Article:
By Stanley Lubman, The Wall Street Journal
Counterfeit goods and scams are used to defraud millions of Chinese daily.
This week alone, the country’s state media have reported the arrests of two men for fraud: one a high-profile real estate financier suspected of manipulating bids, the other a sales manager at milk producer Mengniu who reportedly tampered with production dates on milk and yogurt labels.
Those cases follow the announcement earlier this month by police that they had seized more than $182 million in counterfeit pharmaceuticals, including drugs used to treat diabetes and high blood pressure, as part of a nationwide crackdown on fake food and drugs. Drug counterfeiters “are coming up with new schemes, becoming craftier and better able to deceive” police warned in a statement accompanying the news.
The persistence and extent of fraud in China, despite a near constant string of crackdowns and arrests, raises fundamental questions about cultural forces in Chinese society that limit the reach of law.
One recent study of the ways in which Chinese people navigate bureaucracy offers some potential clues as to the role culture plays in perpetuating China’s fraud problem. The study, by Neil Munro of the University of Glasgow, dissects a 2006 survey of some 2,000 Chinese people in order to analyze the preferred methods used to obtain a government permit. The study doesn’t address fraud directly, but it’s useful in what it reveals about attitudes among different groups in China toward obeying rules.
Among the study’s findings is that rule-evading workarounds like guanxi (exploitation of personal relationships) and bribery are prevalent among wealthier men in dealing with the government, but that elsewhere in society there is more trust in the state, and more support for the market, political freedom and meritocracy.
Reflecting the preference among the powerful for skirting the rules, the spread of counterfeit products is dramatized by some unusual and inventive efforts to evade the law. The production of counterfeit cigarettes, for example, has been estimated to reach 400 billion cigarettes, although cigarette manufacturing and distribution is supposed to be exclusively state-owned and controlled. One manufacturer reportedly went so far as build a counterfeit cigarette factory in Fujian designed to look like a military compound, including laborers dressed in second-hand military uniforms who conducted false military drills to complement the masquerade. In Sichuan, meanwhile, police are said to have raided a black-market cigarette factory that had been disguised as the “Number 1 Block” of a provincial prison.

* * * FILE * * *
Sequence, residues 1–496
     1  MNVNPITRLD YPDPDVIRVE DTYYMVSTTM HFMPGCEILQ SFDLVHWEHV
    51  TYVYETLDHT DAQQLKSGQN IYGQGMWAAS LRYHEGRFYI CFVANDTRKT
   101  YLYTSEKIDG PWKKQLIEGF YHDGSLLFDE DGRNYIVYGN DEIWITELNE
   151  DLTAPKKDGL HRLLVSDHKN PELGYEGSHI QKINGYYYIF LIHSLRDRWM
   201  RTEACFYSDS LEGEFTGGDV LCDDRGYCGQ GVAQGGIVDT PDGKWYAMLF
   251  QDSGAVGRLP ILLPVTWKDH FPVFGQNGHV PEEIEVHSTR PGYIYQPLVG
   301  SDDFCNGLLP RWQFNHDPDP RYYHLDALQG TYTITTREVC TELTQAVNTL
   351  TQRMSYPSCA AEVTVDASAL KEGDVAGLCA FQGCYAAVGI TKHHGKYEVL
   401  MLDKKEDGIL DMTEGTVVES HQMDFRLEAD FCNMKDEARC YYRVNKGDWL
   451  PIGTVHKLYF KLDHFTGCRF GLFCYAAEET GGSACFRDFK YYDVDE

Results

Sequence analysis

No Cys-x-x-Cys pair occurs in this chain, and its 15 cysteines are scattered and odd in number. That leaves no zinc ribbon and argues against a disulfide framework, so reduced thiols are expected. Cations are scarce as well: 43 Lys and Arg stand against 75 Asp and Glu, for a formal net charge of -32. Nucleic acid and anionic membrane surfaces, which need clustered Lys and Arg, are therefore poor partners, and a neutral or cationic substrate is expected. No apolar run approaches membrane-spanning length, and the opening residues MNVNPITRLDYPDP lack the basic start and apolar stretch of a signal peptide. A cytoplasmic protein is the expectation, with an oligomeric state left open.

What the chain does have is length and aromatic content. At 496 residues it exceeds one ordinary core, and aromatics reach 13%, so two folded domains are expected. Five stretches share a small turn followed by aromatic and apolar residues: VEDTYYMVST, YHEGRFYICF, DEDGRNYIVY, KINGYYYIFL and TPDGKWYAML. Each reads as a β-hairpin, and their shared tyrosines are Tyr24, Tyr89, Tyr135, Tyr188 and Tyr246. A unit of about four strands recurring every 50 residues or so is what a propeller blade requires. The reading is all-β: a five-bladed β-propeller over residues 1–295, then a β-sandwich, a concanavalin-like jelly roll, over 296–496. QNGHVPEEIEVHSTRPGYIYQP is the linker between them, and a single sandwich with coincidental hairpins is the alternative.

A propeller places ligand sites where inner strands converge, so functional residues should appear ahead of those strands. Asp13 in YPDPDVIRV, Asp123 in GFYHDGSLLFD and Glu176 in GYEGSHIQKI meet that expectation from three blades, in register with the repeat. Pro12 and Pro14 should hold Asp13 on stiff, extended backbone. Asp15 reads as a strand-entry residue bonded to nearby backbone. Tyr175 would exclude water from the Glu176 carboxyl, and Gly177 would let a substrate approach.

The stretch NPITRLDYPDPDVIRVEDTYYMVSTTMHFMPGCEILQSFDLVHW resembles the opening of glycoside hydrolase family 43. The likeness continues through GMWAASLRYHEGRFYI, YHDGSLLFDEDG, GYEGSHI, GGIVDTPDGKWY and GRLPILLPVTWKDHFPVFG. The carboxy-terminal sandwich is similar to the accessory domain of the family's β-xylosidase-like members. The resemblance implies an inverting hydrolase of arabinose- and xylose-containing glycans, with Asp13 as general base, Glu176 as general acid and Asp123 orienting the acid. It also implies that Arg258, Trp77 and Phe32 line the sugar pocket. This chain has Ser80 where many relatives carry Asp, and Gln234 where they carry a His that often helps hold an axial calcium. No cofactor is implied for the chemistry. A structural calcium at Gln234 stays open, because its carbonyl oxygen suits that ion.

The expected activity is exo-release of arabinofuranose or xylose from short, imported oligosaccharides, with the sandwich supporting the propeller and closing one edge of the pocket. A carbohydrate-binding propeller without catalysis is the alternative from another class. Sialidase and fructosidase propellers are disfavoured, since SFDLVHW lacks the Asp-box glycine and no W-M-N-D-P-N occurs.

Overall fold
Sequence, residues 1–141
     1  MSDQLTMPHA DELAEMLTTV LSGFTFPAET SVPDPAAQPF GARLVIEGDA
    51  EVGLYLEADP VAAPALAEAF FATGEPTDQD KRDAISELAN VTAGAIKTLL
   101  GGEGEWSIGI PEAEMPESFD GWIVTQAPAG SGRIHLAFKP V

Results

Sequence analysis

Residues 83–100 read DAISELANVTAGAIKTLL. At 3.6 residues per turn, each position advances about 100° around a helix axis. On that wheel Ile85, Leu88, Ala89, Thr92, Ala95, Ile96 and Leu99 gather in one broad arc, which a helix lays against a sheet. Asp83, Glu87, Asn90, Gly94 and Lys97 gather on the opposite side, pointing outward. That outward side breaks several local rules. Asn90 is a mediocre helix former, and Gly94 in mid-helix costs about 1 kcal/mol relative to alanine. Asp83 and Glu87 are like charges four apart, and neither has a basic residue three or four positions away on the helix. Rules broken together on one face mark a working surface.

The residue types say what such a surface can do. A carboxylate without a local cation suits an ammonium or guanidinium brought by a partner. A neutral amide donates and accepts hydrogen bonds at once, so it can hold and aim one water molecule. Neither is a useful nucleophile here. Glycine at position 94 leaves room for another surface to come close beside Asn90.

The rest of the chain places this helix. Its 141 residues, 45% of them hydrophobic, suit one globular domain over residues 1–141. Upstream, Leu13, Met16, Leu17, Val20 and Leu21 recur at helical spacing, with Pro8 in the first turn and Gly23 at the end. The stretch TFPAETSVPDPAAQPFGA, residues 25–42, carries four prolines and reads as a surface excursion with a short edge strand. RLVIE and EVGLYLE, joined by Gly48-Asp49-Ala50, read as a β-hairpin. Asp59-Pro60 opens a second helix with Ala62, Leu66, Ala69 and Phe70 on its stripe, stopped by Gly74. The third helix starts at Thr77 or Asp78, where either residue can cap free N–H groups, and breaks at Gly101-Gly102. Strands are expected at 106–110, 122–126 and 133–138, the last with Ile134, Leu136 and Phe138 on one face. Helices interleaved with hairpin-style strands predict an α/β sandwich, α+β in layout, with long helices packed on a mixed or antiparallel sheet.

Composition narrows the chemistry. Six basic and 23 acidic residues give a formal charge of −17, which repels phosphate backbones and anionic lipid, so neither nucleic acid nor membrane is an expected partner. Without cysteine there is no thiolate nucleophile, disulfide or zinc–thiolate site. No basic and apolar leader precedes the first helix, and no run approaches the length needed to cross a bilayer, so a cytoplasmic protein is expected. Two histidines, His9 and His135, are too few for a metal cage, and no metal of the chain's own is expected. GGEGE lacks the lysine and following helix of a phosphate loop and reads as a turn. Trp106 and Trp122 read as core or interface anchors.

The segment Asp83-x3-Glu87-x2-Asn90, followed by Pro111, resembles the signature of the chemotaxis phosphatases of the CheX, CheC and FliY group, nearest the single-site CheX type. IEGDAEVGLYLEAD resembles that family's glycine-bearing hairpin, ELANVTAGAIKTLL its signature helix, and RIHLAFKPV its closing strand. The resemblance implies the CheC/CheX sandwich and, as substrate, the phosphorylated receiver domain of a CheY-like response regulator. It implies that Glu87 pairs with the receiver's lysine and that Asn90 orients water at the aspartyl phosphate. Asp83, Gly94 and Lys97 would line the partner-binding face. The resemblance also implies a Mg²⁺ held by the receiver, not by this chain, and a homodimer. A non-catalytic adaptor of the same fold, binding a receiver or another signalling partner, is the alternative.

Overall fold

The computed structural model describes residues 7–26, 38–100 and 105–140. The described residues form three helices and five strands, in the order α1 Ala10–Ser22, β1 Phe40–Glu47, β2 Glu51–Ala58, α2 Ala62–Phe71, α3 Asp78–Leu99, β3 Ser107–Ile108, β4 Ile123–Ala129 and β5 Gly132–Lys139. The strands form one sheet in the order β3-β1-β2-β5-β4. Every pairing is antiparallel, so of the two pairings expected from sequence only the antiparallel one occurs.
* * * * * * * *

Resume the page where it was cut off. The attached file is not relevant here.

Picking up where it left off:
The range of frauds is both impressive and ominous: Chinese-made fakes have included everything from Apple stores and police stations to foreign banks and high-tech components used in U.S. military gear. Another extreme practice that has developed is the hiring substitutes to bear criminal punishment for the offenses of others – something that has been suspected, though not proven, in the recent trial of the wife of fallen Communist Party leader Bo Xilai.
Fraud, scams and product counterfeiting occur in all nations, of course. Recently a writer for respected U.S. magazine the New Yorker resigned after he was revealed to have fabricated quotes and plagiarized his own work for other publications. And then, of course, there is the United States’ long struggle with Ponzi schemes, which proliferated first in the 1920’s and again in the last decade, most notably in the form of fraudulent investment funds created by Bernard Madoff.
Commenting on Ponzi schemes through the ages, including Mr. Madoff’s, the New York Times noted that although “the magnitude, scale and details are different, [these frauds ] each reflect their respective, super-heated financial eras.” The same could be said of China, where economic reform has surely been “super-heated,” and where the number and frequency of frauds of various types reflects a social and economic environment in which legal rules are as often as not disregarded.
Can culture change? Other forces appear to be nudging Chinese society in a different direction. While this column was being written, a broadcast on the rising influence of Sina Corp.’s Weibo microblogging service, now used by 350 million people, told the story of a Chinese university student who became so angry about food safety violations that he started a blog to track them in January 2012. In April, he had 10,000 visitors. By May, he had 5 million.
Social media, as well as the traditional media, have the power to influence culture, including attitudes toward obeying the law. But in order for that influence to make a difference, the government must find a way to link growing public awareness with stronger efforts to punish fraud.